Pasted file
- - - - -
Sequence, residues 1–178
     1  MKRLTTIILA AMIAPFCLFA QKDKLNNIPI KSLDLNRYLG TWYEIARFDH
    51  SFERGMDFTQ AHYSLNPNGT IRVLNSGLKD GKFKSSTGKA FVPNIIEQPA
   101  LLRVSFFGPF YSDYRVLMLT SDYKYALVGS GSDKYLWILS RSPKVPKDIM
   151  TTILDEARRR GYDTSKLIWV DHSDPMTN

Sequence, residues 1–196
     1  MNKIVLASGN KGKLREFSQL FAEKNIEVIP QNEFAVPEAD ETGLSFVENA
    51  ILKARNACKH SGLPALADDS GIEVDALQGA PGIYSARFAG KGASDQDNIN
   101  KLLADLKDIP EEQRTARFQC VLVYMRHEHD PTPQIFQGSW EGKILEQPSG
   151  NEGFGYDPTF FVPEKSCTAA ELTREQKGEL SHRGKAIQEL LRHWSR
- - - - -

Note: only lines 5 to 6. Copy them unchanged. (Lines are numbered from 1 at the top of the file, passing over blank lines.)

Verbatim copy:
   151  TTILDEARRR GYDTSKLIWV DHSDPMTN

Sequence, residues 1–196